Thursday, March 20, 2008

Vietnamese-Asian Restaurant

Restaurant: Vietnamese-Asian Restaurant
Address: 7212 Jones St - In the mini-mall north of Nebraska Furniture Mart
Website: None.
Genres: vietnamese, thai
Check Constraints: No checks accepted.
Chain: No. | More Omaha Locations: No.

  • Mango Bubble Drink ($2.99)
  • Vietnamese Egg Rolls with Vegetables ($4.50)
  • Street Noodles with Chicken ($6.25)
The name of this restaurant could only be more generic if they went ahead and just had a blinking neon sign that read "FOOD HERE". That said; it's fantastic. It's owned by a Vietnamese immigrant and run by his children, and the authenticity of the dishes shows through without sacrificing much in the way of appealing to the average American palate, especially considering that some of the primary ingredients (cilantro, tofu) are becoming much more well-known.

The building isn't spectacular in and of itself. There are several very nice wood carvings around the restaurant, and a Buddha statue right by the front door, so the place hovers in the "unremarkable" zone of decor, without diving into "plain" or skyrocketing into "Hey! I found this rusty tricycle and this ukulele! Let's bolt them onto the wall!" It does get a little dim in there during lunch since most of the windows are blocked by an entry hallway, but you can see your food and unless you've got a book with you it won't be a problem. On to food discussion!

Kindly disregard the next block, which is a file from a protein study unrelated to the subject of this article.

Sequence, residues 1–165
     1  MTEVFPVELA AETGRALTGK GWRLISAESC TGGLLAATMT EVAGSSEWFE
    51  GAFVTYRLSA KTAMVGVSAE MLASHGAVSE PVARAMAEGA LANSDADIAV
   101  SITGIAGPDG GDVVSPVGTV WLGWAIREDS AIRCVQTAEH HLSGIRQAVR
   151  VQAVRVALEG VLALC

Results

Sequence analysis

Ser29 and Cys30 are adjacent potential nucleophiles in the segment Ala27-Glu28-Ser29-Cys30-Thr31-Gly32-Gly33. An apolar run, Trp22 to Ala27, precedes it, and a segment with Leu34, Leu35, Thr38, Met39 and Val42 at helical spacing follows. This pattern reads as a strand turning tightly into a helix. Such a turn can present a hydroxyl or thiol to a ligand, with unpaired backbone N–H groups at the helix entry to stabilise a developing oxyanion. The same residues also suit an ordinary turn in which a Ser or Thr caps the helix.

If you've never heard of "bubble tea" or "bubble drinks" before, let me enlighten you. Picture a smoothie involving, in this case, mango. So, mango, milk, some sugar, and some ice. Delicious, right? Drop that in a glass, and then pour in a handful of tapioca pearls. Provide an extra-wide straw, and you are set to test your suction mettle! Since cassava (tapioca) flour has little to no flavor, the only purpose of the pearls is to provide texture and fun. If you're not really a fan of gummy items or don't relish the thought of suddenly getting some texture in your smoothie, then steer clear. Otherwise, definitely give it a shot - the appeal is fairly inexplicable until you try it. The bubble drinks here are flavorful, come with plenty of tapioca, and are remarkably cheap, which is an extra incentive to experience something new.

The egg rolls, in and of themselves, aren't that spectacular. The filling is good, the outside is done very crispy, and though they're $4.50 for 4, they're not terribly expensive. When eaten as intended, though, they vault up a level on the Tasty-o-Meter; they're served with lettuce and cilantro, as well as a dipping sauce, and when the cilantro and the roll are wrapped in the lettuce and dipped, you get an excellent blend of both crispy and soft and hot and cold, with a strong hit of cilantro, of which I am a huge fan. It's a shame there are only four, since that means I only got to eat one. The satay (as ordered by ND) was delicious as well, but he'll talk about that in his part.

A mention here of the soup Mecha ordered, which was like unto an ascension into heaven, would not be amiss. I have got to get me a bowl next time.